When it comes to resurrecting a classic, it is hard to beat Viking Air and the de Havilland Canada DHC-6 Twin Otter. The US Army's Golden Knights parachute team has just taken delivery of the first of three new Twin Otter Series 400s (below) ordered from Victoria, BC-based Viking.
Photo: US Army
My colleague and AWIN analyst Nigel Prevett says Viking has delivered 23* DHC-6-400s since it restarted production in 2010, but more impressively has 64 more on backlog. That success is probably a big part of the reason why other rugged and reliable 18/19-seaters are coming back from the dead.
RUAG Aviation is producing the revamped Do 228NG (with airframe from HAL in India), although Nigel counts only three delivered since 2010 and eight on backlog. In Australia, Indian-owned GippsAero is working on relaunching the GAF Nomad as the GA18 for delivery beginning in 2014.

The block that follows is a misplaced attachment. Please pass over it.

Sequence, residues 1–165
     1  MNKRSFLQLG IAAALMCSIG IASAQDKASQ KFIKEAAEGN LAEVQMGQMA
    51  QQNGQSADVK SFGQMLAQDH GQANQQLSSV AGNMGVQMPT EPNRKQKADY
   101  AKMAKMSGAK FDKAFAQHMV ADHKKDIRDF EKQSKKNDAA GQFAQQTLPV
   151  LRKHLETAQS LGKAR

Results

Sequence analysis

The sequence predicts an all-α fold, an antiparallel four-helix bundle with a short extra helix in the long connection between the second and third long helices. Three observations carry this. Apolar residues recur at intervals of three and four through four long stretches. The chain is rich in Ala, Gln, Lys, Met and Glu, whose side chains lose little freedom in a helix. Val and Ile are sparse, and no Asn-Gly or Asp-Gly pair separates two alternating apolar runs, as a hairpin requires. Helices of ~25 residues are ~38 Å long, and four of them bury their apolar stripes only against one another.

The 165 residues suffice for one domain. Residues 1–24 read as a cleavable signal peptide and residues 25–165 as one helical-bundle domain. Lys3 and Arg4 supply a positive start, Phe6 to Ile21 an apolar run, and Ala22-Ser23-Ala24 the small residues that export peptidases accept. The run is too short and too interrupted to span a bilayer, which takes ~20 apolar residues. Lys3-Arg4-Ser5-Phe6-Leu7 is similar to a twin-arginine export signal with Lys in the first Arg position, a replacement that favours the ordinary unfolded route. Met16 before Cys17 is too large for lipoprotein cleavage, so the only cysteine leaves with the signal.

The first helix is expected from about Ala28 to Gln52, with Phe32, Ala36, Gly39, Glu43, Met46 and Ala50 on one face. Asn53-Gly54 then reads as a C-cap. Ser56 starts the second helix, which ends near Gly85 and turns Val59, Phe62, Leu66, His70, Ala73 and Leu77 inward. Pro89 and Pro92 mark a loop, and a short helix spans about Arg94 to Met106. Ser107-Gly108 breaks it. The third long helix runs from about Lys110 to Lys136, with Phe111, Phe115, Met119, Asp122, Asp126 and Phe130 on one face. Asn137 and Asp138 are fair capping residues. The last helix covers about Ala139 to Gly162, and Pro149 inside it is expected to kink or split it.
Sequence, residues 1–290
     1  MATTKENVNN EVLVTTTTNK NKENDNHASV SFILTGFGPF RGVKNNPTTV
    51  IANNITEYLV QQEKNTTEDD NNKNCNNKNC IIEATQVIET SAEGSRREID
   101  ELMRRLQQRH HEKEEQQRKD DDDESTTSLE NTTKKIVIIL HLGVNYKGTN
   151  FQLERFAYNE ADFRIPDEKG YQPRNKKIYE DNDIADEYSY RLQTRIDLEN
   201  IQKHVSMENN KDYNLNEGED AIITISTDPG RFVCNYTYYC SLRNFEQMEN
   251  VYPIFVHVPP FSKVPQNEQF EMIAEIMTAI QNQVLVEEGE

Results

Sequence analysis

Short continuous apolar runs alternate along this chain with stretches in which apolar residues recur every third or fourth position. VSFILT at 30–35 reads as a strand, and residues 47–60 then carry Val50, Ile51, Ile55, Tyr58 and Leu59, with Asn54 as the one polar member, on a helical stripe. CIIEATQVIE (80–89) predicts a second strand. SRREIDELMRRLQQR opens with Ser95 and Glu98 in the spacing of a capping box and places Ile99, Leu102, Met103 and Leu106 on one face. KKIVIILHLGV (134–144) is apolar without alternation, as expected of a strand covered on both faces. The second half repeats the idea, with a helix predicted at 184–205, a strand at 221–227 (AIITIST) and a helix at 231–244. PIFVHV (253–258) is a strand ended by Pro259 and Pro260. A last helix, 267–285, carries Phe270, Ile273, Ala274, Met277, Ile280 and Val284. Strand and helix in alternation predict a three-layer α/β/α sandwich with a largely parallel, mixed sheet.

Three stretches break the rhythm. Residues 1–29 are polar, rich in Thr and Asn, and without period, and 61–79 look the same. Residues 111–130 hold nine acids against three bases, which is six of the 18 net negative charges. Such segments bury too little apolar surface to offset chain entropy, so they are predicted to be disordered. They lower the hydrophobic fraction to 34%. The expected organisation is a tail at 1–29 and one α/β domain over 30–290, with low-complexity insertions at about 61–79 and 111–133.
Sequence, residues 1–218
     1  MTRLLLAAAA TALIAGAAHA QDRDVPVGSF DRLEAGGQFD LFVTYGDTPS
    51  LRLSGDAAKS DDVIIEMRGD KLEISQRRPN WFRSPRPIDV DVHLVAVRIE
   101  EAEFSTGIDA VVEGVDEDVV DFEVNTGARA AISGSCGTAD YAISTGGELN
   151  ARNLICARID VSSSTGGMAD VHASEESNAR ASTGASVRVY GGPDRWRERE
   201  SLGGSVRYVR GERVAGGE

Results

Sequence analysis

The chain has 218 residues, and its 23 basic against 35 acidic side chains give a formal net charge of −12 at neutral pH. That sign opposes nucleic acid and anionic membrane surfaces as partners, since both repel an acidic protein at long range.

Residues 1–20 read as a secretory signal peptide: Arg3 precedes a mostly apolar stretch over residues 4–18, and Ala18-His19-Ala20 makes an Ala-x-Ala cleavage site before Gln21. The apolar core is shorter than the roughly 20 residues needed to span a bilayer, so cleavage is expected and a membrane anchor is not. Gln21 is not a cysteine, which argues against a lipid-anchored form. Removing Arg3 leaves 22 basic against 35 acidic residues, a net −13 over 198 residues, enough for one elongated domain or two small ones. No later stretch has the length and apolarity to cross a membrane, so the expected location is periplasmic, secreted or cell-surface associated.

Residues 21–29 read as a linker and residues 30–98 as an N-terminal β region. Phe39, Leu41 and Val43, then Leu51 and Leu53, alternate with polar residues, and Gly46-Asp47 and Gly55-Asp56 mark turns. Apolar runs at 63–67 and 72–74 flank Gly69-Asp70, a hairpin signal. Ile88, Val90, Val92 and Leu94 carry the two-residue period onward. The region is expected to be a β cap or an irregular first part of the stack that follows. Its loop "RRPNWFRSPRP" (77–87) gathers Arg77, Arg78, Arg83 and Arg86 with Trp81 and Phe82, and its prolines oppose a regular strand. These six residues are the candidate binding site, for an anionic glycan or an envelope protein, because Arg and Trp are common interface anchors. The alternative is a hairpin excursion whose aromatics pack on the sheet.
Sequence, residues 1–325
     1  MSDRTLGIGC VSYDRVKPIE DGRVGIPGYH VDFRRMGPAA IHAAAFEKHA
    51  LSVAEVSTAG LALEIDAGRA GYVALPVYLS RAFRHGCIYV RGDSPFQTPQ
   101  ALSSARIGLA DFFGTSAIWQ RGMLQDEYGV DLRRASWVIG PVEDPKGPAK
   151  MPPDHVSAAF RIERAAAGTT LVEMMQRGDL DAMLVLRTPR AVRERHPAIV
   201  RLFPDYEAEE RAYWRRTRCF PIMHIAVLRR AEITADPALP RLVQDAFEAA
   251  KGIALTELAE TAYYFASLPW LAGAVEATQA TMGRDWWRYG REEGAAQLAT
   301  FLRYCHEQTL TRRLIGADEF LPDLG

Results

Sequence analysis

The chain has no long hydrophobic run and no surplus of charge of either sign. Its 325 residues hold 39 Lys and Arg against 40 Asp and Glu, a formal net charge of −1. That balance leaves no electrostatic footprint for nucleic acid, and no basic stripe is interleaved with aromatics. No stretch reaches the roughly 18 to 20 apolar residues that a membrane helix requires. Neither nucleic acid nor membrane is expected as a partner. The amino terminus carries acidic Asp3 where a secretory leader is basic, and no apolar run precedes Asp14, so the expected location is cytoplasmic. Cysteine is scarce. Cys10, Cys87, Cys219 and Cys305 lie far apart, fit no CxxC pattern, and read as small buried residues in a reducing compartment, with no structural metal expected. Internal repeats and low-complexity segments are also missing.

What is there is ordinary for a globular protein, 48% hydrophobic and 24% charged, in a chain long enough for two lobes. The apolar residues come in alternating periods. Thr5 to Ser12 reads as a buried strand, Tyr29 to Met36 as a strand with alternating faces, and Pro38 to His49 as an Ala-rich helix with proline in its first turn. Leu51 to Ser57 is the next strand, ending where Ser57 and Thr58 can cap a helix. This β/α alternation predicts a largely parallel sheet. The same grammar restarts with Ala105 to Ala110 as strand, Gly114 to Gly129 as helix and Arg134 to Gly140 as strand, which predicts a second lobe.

There is a reason these old - sorry, tried and true - designs are still around - it is hard to get a new aircraft off the ground in the 19-seat market. In 2011, Indonesian Aerospace announced plans to develop the N-219, a derivative of the NC212 it produces for Airbus Military, but there is no news of progress. And France's Sky Aircraft went under last year having failed to raise funding for its SK-105 Skylander.
Meanwhile, back to those Golden Knights Twin Otters, designated UV-18Cs. The Army says the lower cost to maintain the new aircraft is the main justification for replacing the team's older UV-18A Twin Otters - an argument Viking will want other DHC-6 owners to heed. The Golden Knights aircraft are modified with "hammock-style" seating for 16 parachutists by Ikhana Aircraft Services in California.
* NOTE - Deliveries updated